Design moment: Rolodex, 1956

Individual contacts are written on small white index cards which rotate around a spindle

 

It was reading Tina Brown’s Vanity Fair Diaries that reminded me of the Rolodex. Her fascinating chronicle of how she took Manhattan, turning around first Vanity Fair magazine and then The New Yorker, reads like a time capsule unpacked. Set in the 1980s, it was a pre-electronic age – no mobile phones or emails - and when having a contacts-packed Rolodex was a valuable commodity in a new hire – a fact she mentions more than once. They are still for sale but it’s hard to imagine anyone having a Rolodex anymore – too unwieldy especially for hot-desking media workers, and when all your contacts are in your phone or the cloud. The rolling address book was designed by Hildaur Neilsen, a Danish engineer and US inventor and former journalist Arnold Neustadter working for US stationery firm Zepher American. Individual contacts are written on small white index cards which rotate around a spindle. Tabs marked A-Z make the cards easy to find. The ruthless beauty is that a contact’s card can be easily discarded when no longer of any use. Neustadter began working on the concept for the Rolodex in the late 1940s and it came to market in 1956. The name has now become a generic for any cylindrical rotating card file.  

The Irish Times Logo
Commenting on The Irish Times has changed. To comment you must now be an Irish Times subscriber.
SUBSCRIBE
GO BACK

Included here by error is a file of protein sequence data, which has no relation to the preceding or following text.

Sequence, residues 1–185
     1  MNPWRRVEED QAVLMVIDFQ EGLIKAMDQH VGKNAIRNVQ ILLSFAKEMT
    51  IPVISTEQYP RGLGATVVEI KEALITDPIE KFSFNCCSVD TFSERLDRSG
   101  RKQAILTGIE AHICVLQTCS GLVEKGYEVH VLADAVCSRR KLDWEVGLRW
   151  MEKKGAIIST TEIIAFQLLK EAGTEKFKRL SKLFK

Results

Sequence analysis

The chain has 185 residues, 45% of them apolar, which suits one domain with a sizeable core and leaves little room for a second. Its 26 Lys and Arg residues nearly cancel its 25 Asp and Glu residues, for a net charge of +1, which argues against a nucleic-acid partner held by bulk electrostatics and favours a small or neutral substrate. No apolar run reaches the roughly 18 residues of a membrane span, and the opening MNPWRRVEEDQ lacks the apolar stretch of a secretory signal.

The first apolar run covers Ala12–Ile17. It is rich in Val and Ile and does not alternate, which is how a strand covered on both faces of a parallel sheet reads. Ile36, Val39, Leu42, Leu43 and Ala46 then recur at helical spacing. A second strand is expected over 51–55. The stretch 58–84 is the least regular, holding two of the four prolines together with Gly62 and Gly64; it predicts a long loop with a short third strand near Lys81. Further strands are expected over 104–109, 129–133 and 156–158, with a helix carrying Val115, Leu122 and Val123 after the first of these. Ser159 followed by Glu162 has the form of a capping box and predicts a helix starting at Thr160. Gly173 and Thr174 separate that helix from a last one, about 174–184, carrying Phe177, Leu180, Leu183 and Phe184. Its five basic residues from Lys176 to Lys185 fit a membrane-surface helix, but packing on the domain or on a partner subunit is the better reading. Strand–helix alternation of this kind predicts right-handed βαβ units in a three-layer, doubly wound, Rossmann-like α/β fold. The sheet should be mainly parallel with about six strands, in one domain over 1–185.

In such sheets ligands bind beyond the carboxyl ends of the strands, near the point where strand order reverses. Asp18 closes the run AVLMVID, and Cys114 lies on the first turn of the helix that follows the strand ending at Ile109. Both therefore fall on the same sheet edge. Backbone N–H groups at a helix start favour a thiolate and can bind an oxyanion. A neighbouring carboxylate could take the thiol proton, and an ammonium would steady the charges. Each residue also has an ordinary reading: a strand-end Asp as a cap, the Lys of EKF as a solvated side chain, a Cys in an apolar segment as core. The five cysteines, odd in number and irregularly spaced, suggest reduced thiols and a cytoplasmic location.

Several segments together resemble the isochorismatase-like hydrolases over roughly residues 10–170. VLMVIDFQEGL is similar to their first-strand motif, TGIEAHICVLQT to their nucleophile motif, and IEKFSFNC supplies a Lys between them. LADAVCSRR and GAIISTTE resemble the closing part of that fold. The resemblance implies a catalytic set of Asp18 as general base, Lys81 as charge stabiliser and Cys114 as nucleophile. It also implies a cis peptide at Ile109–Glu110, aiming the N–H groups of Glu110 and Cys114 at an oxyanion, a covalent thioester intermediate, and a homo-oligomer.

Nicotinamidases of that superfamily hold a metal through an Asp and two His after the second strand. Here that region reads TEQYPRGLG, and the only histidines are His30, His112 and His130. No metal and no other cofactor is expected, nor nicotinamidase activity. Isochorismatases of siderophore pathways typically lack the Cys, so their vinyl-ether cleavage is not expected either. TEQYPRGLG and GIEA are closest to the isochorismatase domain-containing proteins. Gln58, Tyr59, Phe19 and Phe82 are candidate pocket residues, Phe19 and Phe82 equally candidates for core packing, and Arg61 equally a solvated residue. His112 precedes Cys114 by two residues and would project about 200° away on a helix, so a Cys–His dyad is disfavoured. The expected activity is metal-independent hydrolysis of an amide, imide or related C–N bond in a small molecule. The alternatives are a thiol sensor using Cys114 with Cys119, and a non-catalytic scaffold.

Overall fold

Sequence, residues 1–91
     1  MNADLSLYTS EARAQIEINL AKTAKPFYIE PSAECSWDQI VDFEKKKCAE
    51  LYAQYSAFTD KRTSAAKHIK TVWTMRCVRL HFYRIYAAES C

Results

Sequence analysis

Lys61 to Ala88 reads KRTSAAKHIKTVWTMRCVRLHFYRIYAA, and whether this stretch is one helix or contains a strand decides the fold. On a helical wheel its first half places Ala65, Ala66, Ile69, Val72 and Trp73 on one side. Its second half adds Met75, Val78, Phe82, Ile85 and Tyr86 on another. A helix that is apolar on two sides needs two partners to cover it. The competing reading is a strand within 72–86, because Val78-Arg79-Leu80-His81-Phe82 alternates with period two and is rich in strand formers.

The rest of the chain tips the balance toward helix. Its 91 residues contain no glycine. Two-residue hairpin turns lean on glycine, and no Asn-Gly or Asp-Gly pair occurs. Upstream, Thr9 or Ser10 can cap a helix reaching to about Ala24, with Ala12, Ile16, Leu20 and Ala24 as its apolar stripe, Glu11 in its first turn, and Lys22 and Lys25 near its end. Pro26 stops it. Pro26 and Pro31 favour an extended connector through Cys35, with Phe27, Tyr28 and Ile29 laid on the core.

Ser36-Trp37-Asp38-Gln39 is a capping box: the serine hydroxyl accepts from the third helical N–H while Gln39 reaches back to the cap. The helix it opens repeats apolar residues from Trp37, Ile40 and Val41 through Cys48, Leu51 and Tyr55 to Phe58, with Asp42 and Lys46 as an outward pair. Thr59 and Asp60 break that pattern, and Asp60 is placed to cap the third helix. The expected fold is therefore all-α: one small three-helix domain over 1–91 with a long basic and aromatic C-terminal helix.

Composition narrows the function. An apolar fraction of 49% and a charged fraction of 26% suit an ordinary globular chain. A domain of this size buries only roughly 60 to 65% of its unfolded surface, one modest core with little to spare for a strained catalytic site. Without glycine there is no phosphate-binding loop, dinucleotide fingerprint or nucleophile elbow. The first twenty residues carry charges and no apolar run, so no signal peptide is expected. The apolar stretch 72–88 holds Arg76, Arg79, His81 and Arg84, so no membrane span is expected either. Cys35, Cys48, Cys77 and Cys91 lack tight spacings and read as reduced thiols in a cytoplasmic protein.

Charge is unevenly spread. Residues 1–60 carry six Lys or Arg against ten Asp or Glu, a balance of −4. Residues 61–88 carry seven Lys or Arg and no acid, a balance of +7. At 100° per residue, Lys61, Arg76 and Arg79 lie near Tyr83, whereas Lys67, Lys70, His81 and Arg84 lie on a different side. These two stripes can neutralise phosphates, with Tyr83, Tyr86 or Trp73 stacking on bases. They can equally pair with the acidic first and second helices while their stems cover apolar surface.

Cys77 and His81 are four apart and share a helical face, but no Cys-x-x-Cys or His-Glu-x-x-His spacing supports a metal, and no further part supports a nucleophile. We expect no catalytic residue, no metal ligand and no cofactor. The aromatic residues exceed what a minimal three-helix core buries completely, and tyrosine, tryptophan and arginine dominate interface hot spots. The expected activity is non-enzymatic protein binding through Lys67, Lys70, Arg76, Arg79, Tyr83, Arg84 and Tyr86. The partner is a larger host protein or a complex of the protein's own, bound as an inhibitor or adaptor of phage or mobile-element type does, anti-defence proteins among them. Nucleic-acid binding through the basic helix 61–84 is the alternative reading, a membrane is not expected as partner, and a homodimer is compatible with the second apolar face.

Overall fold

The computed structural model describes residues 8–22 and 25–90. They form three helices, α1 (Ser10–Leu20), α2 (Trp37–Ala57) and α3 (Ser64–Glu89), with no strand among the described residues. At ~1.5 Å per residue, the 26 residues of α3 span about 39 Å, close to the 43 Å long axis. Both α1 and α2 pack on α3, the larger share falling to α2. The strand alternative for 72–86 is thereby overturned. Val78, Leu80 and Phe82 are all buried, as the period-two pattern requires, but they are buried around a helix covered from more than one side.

Error Image
The account details entered are not currently associated with an Irish Times subscription. Please subscribe to sign in to comment.
Comment Sign In

Forgot password?
The Irish Times Logo
Thank you
You should receive instructions for resetting your password. When you have reset your password, you can Sign In.
The Irish Times Logo
Please choose a screen name. This name will appear beside any comments you post. Your screen name should follow the standards set out in our community standards.
Screen Name Selection

Hello

Please choose a screen name. This name will appear beside any comments you post. Your screen name should follow the standards set out in our community standards.

The Irish Times Logo
Commenting on The Irish Times has changed. To comment you must now be an Irish Times subscriber.
SUBSCRIBE
Forgot Password
Please enter your email address so we can send you a link to reset your password.

Sign In

Your Comments
We reserve the right to remove any content at any time from this Community, including without limitation if it violates the Community Standards. We ask that you report content that you in good faith believe violates the above rules by clicking the Flag link next to the offending comment or by filling out this form. New comments are only accepted for 3 days from the date of publication.